August 29, 2010
It was even worse than we thought. James Toney called out mixed martial arts and begged for a fight, but what he showed in the Octagon could barely be called a fight. The out-of-shape boxing legend came out with his left hand at his side and was very stationary. He was a sitting duck for UFC veteran and Olympic-level wrestler Randy Couture, who scored a takedown just 11 seconds into the fight. Toney was helpless on the mat, where Couture moved to a dominant mount position and eventually slapped on an arm-triangle choke to finish the fight in just over three minutes.
"I think, in reality, if he's only been training nine months, it's a real short order to pick up everything," said Couture (19-10). "I give real credit to James. He took the risk. All us MMA guys love boxing. Hopefully there's a whole bunch of boxers who will love MMA."
By the reaction of the fans at the TD Garden in Boston, MMA diehards don't like boxers. As Couture was mauling Toney on the canvas, a chant of "UFC, UFC" filled the arena.
It was a pretty embarrassing display by Toney. It was almost as if he didn't drill at all on what to do if he was taken down. Frankly, the weigh-in was a sign of things to come when Toney weigh-in a career-high 237 pounds. He was nearly 20 pounds lighter for his last boxing match in Sept. of 2009.
Couture did whatever he wanted from the top and it was clear Toney hadn't learned any technique to try and extricate himself from the position. According to Compustrike, Couture landed 38 strikes to just six for Toney.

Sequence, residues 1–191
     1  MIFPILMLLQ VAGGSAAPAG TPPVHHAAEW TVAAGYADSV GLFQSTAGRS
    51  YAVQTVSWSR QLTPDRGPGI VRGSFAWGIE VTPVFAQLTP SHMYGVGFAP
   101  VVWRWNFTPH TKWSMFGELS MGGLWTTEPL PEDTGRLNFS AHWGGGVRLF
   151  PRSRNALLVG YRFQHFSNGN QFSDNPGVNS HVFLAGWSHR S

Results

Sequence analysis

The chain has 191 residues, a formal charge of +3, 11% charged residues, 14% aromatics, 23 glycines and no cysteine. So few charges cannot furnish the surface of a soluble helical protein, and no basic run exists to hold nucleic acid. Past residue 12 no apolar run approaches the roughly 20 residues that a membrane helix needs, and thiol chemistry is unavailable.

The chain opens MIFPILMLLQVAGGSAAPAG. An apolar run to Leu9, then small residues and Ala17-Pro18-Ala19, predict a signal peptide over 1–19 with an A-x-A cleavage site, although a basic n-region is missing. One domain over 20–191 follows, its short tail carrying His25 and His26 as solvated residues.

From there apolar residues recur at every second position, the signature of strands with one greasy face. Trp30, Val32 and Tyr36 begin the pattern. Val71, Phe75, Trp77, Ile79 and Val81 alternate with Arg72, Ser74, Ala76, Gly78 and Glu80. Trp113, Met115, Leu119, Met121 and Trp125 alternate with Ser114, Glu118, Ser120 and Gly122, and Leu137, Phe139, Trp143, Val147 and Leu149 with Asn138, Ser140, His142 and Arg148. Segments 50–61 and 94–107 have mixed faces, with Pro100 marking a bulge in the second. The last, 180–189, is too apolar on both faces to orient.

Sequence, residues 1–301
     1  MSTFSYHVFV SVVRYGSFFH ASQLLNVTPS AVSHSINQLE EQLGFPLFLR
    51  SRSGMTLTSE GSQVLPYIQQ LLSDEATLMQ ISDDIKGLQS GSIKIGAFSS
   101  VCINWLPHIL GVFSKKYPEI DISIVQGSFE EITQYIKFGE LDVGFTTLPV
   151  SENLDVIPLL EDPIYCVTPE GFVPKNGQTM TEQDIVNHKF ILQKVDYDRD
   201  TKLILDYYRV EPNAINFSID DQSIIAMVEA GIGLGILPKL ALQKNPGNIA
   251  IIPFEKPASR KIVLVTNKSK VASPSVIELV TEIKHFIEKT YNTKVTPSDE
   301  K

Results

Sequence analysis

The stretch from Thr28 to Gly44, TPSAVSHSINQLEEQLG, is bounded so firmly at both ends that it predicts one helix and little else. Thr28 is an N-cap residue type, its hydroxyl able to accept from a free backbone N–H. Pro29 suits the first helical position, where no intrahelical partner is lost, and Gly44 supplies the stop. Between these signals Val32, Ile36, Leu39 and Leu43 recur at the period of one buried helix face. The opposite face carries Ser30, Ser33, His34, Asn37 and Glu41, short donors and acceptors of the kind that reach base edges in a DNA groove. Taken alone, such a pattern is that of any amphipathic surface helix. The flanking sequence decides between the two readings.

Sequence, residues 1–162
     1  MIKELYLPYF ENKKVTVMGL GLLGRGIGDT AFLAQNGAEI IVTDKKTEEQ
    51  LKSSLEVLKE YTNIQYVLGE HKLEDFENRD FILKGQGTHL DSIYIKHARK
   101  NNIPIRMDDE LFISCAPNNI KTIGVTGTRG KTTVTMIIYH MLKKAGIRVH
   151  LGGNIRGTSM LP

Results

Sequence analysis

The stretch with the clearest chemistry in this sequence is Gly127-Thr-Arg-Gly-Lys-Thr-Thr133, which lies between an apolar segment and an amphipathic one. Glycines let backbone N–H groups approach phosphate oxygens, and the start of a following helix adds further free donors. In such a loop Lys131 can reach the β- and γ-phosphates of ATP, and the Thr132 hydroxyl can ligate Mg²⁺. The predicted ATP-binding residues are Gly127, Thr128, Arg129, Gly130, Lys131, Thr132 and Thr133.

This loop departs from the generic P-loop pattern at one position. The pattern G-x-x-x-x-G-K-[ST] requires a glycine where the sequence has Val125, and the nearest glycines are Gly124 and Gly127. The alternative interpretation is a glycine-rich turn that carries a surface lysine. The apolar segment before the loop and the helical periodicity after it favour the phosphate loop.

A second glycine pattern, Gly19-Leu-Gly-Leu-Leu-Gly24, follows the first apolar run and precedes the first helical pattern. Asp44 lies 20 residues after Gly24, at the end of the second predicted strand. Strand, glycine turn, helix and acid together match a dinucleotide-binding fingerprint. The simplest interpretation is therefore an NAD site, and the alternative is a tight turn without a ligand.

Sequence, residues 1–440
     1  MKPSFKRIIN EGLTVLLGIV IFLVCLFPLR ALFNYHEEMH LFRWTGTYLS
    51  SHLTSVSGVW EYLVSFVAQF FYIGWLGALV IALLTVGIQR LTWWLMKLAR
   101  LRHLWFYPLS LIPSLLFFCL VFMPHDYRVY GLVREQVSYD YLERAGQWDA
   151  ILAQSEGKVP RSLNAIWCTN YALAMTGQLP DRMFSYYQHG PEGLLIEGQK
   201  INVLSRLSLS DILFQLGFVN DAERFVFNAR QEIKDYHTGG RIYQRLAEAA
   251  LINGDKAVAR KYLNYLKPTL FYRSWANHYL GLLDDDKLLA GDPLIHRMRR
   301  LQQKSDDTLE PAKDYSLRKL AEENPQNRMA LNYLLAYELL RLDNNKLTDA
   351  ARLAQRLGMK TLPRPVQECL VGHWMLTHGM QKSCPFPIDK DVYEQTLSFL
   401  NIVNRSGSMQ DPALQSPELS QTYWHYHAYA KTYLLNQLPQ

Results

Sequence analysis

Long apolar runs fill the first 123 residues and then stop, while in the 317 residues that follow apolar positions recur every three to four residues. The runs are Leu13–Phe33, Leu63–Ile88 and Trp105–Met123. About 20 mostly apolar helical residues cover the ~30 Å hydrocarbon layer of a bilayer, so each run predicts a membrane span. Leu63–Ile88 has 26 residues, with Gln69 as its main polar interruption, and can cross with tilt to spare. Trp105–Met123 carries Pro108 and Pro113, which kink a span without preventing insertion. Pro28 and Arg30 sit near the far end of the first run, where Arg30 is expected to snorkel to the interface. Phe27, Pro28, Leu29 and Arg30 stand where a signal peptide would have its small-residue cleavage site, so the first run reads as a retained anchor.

Couture, speaking during the postfight interview with UFC color analyst Joe Rogan, said he saw this coming. "No surprises. This is exactly what we trained to do. I worked on that arm triangle for over a year."
That's when Couture's grappling coach, Neil Melanson, walked over to his fighter and gave him a black belt suggesting that he'd just earned it.
Toney was gracious in defeat and surprisingly said that he wasn't done with MMA.
"He just caught me. He caught me sleeping. I'll be back. I ain't gonna quit," said Toney, as he was booed by the Boston faithful. "My ground game's alright. He fought a great fight. Randy Couture’s a great fighter."
Toney was a great boxer, piling up 72 wins against just six losses, but he's far from his prime. It's next to impossible for a boxer to cross over to MMA without at least a few years of training in all elements of the sport. And that probably only applies for a guy still in his boxing prime.
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